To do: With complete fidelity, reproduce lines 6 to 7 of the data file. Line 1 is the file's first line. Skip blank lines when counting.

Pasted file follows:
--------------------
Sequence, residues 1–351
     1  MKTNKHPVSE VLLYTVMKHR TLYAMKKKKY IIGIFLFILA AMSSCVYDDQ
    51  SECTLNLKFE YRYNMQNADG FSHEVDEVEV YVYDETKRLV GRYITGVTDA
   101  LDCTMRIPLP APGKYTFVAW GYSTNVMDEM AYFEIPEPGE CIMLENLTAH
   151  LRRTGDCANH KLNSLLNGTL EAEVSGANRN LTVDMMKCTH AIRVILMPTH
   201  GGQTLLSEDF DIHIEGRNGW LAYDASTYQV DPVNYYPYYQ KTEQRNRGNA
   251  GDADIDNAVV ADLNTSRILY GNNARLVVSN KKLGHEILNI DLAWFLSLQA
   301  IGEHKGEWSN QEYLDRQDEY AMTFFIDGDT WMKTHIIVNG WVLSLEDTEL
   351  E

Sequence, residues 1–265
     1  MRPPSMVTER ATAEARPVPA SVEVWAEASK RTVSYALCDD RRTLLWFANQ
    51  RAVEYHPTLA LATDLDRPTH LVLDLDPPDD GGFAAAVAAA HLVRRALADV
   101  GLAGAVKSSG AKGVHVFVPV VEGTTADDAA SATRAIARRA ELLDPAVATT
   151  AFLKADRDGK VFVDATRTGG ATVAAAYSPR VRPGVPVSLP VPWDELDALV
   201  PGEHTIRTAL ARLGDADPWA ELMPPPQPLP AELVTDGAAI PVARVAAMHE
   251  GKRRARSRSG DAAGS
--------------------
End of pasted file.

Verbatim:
   201  GGQTLLSEDF DIHIEGRNGW LAYDASTYQV DPVNYYPYYQ KTEQRNRGNA
   251  GDADIDNAVV ADLNTSRILY GNNARLVVSN KKLGHEILNI DLAWFLSLQA